WASHINGTON – White House press secretary Stephanie Grisham said it is “absolutely not” true that President Donald Trump’s visit to a doctor Saturday was anything other than a routine physical exam, maintaining that he is “healthy as can be.”
“Oh, the rumors are always flying,” Grisham said Saturday when asked during an interview with Fox News Channel host Jeanine Pirro whether there was any truth to the speculation that the visit was out of the ordinary. “Absolutely not. He is healthy as can be. I put a statement out about that. He’s got more energy than anybody in the White House. That man works from 6 a.m. until, you know, very, very late at night. He’s doing just fine.”
Trump, 73, made a visit Saturday afternoon to Walter Reed National Military Medical Center in Bethesda, Md. The trip came on a day when the president had no public events on his schedule.
Trump had his first annual physical as president in January 2018. His second was in February 2019. Trump’s doctors hailed his health as “excellent” and “very good” after those exams.
Trump mentioned his visit to Walter Reed in a tweet early Sunday.
“Visited a great family of a young man under major surgery at the amazing Walter Reed Medical Center,” he said. “Those are truly some of the best doctors anywhere in the world. Also began phase one of my yearly physical. Everything very good (great!). Will complete next year.”
For a typical annual physical exam, a patient would fast, usually overnight, so accurate blood tests could be performed. The White House said that Trump was getting a jump on a portion of his physical and that lab work was included.
Trump’s 2018 checkup, which included a voluntary cognitive test at a time when critics were questioning his mental fitness, began about 1 p.m. and lasted more than three hours, according to the report given at the time by then-White House physician Ronny Jackson. Twelve other doctors consulted in the tests.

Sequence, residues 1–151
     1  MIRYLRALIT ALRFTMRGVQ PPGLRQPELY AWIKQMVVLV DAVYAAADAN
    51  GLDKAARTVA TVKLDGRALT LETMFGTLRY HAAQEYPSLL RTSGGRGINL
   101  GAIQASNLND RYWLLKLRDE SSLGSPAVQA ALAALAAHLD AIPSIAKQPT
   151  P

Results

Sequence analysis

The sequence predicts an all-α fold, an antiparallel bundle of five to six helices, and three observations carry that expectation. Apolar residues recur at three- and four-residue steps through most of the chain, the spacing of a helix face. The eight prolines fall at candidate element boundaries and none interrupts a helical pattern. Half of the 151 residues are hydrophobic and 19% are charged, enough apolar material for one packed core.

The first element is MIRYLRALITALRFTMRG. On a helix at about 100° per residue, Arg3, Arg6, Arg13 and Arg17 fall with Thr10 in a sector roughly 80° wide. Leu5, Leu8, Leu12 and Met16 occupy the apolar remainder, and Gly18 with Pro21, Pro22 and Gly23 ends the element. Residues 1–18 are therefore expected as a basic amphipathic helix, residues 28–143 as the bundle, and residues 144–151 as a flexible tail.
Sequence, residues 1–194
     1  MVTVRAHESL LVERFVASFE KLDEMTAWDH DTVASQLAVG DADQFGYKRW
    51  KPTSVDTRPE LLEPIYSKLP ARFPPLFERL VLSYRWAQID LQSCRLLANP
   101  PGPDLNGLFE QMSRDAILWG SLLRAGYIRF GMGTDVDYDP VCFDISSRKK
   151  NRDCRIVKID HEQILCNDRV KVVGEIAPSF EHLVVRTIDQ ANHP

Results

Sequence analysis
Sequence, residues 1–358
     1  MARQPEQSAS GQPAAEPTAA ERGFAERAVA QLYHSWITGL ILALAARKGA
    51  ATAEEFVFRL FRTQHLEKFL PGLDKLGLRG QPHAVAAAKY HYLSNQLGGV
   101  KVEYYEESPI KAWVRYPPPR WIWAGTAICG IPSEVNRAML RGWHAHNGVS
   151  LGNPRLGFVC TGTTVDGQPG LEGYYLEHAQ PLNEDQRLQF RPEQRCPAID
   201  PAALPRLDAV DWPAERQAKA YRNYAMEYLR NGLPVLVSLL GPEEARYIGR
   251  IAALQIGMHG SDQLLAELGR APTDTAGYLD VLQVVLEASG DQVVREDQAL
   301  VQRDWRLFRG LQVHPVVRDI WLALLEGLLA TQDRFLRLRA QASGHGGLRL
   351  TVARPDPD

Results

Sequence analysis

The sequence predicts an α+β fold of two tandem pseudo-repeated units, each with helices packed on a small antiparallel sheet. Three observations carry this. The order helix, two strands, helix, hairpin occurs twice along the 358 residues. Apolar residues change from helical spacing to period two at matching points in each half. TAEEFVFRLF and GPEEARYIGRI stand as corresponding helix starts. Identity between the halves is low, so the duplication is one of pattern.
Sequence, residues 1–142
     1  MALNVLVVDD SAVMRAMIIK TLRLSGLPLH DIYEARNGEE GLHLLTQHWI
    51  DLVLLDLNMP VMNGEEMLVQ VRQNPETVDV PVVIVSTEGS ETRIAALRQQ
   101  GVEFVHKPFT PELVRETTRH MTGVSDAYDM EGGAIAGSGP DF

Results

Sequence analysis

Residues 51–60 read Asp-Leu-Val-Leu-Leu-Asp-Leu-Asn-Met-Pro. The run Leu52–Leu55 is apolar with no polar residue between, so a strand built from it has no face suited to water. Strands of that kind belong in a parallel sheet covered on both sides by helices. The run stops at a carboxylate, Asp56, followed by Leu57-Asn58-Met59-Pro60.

Other than being overweight and having high cholesterol, Trump’s results were normal, Jackson said then, crediting the president’s genes for his overall good health.
At his 2019 exam, Trump had crept over the line into obesity at 243 pounds, joining about 40% of American adults in that category.
According to the White House, his heart rate during the February exam was 70 beats per minute and his blood pressure was 118/80 mmHg, both good. The dosage of his cholesterol-lowering drug had been increased, the White House reported.
A president’s physical exam also might include an electrocardiogram and perhaps a stress test, which involves walking on a treadmill or riding a stationary bicycle while physicians monitor blood flow in the heart, blood pressure and breathing. Trump could return to Walter Reed for those.
Undergoing a physical is voluntary, and Trump has the right to decide how much information he wants to release to the public. Jackson said in 2018 that “absolutely nothing” was withheld from the public and that Trump’s release of information then was the broadest in history.
Trump doesn’t drink alcohol or smoke, but he is fond of fast food; his exercise routine consists mainly of golf.
In a statement Saturday, Grisham said Trump “remains healthy and energetic without complaints, as demonstrated by his repeated vigorous rally performances in front of thousands of Americans several times a week.”
Grisham said Trump also “stopped by to say hello to the medical staff of Walter Reed, to share his thanks for all the outstanding care they provide to our Wounded Warriors, and wish them an early happy Thanksgiving.”
During the visit, Trump met with the family of a Special Forces soldier who had been injured in Afghanistan, she added.
Later, in her appearance on Fox News Channel, Grisham said Trump has “a really busy year ahead,” so he “decided to go to Walter Reed and kind of get a head start with some routine checkups as part of his annual exam.”
“That’s all it was. It was very routine. We had a down day today. And so, he made the decision to head there,” she said.
As she wrapped up the interview, Pirro described Trump as “almost superhuman,” adding, “I don’t know how anyone can deal with what he’s dealing with” in Washington.
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The Washington Post’s Toluse Olorunnipa contributed to this report.